Many of you who read this blog are experienced speakers. When someone is pretty good in front of an audience, there is a tendency to become complacent and not to continue working to improve the craft. Here are some ideas to keep that from happening.
Change one sentence in each presentation even when you are delivering the same presentation you have delivered many times before. You might use a different quotation to make the same point.
For example, many of my speeches address motivation and improvement in paying attention wherever you are or whatever you are doing. Here is a quotation I heard recently that I believe would be different and possibly improve my point about sustaining attention on a continual basis. Green Bay quarterback, Aaron Rodgers said, “I really believe that you earn your paycheck during the season. And then the postseason is all about creating your own legacy.”
Consistently seek better ways to word your main points to make the greatest impact on your audience. For example, in my “High Bid” speech, I discuss the traits that will enhance your worth in the market place. One point is to have a sense of humor. I used that wording for several years. But one time I changed the wording to say, “Have some fun each day.” The audience responded really well to that wording and I have been using that phrasing in most of my speeches since.
Change the way you deliver your opening or your ending. Since people remember best what you say first and last, seeking to improve either can make a difference in how your message is received.
I typically begin my speech on paying attention by responding to part of my introduction, which mentions that I spent much of my career working with students in the university environment. I will say, “Students have a special problem paying attention. For example, my son who teaches at Purdue had a student walk into his classroom wearing a t-shirt that read, ‘You can never relive a party but you can always retake a class.’ I’m not sure you can depend on that student to pay good attention in class.”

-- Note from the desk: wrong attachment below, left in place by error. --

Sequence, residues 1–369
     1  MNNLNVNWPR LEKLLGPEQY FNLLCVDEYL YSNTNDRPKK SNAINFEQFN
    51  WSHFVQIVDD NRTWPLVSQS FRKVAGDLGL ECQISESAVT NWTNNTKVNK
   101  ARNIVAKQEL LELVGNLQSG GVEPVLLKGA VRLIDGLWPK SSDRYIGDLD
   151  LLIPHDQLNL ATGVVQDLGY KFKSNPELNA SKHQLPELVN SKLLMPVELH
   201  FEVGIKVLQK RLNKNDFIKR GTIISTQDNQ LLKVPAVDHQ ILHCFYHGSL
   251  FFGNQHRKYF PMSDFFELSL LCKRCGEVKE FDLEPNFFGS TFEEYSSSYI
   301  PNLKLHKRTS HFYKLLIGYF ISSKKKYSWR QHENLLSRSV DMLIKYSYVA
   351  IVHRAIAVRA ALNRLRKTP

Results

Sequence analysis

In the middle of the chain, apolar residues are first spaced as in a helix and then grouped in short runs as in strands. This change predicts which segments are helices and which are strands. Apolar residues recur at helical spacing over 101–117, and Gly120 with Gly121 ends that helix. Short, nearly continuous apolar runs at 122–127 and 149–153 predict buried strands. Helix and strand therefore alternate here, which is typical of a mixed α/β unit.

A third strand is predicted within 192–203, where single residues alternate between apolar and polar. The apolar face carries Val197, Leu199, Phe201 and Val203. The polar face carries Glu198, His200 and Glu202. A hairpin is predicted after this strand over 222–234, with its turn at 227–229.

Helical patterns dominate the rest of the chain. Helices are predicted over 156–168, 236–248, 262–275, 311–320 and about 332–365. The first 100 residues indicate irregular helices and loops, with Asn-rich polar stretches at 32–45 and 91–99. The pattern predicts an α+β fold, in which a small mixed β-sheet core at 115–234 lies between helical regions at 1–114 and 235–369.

Recently I changed that opening to “How many of you drive to work the same way each day and have done so for several years?” Usually a large number of hands go up. My next question is, “Have you ever gotten to work and not remembered how you got there?” Most hands go up again, and then I say, “Here you are driving 75 miles an hour down the interstate and don’t remember. We all have trouble paying attention.” I believe both beginnings are effective. But the benefit of the second opening is that I get the audience involved immediately and instantly they see how the topic relates to them.
Some of my most successful speaker clients are those who were already effective public speakers. They simply wanted a tip or technique that would set them apart from their competition. They used me to give them feedback on those small but significant ways to improve. You can always make your next speech the best one.